At the opening ceremony of the 2022 Winter Olympics in Beijing, the number of transactions using the digital yuan greatly exceeded Visa, according to a Wall Street Journal reported on Wednesday.
At the time of the Beijing Winter Olympics, the Olympic Village, athletes and tourists can use cash, Visa cards or digital yuan for transactions.
Many businesses that support digital renminbi are outside the isolation circle, and there are also many self-service machines on-site at the Winter Olympics that allow people to exchange fiat currency for digital renminbi, thereby reducing human-to-human contact and effectively controlling the spread of COVID-19.
Beijing 2022 Olympic Organizing Committee says that:
“Replacing cash with digital yuan for payment can effectively reduce direct contact between people and the risk of the spread of Covid-19.”
Although in China, dominant mobile payment platforms, Alipay and WeChat Pay, have become widely accepted payment methods by the public.
Relevant personnel indicated that the digital yuan or DCEP may be catastrophic for dominant mobile payment platforms, the “stickiness” of those platforms and their wide-ranging lifestyle offerings as the reason they might endure despite the advantages of a government-backed digital currency.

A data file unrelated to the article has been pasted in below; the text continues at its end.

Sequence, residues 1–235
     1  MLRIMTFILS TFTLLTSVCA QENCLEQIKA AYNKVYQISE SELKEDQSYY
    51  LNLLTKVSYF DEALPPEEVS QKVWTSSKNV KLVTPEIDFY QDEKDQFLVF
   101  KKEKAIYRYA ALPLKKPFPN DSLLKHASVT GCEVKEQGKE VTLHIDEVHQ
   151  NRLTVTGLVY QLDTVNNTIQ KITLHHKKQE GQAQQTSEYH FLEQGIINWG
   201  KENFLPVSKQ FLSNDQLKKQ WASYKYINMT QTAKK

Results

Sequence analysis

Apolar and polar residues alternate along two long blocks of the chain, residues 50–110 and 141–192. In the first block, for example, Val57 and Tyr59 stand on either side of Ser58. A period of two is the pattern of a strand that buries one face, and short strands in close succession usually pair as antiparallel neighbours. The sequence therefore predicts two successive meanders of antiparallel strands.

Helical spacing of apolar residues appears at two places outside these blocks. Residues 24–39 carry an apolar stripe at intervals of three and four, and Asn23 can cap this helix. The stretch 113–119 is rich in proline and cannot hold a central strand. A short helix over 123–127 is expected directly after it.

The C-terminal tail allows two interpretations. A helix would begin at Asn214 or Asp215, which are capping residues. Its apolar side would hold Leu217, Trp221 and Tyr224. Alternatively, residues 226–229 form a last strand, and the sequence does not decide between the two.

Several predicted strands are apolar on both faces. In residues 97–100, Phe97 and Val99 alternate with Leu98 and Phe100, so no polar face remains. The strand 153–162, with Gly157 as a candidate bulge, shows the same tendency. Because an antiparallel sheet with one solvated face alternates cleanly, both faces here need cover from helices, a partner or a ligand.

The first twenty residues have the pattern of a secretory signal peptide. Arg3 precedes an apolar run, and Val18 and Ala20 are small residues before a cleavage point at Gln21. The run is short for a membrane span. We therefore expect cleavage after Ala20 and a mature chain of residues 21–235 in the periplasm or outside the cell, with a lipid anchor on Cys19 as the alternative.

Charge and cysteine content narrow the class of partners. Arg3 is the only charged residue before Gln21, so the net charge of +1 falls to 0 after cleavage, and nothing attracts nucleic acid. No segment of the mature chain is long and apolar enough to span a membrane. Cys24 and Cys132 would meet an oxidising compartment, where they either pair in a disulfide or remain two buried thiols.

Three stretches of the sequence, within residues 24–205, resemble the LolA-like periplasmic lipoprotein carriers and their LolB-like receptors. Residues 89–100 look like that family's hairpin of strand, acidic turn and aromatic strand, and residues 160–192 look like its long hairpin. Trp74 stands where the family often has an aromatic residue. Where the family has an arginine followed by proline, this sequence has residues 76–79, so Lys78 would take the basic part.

But due to the exclusive agreement with visas at the Winter Olympics, the Olympic Village, athletes and tourists can only use cash, Visa cards or digital yuan for transactions.
The usage of the digital yuan raised scepticism to the U.S., Senator Pat Toomey, a senior member of the U.S. Senate Banking Committee, requested the U.S. administration to closely examine the Chinese digital yuan’s rollout during Beijing Winter Olympics.
As reported by blockchain.News on January 19, China’s CBDC is growing at a fast pace as data released official from the PBOC financial markets department revealed the new legal tender has inked a total of 87.57 billion yuan ($13.68 billion) in transactions since public trials began.
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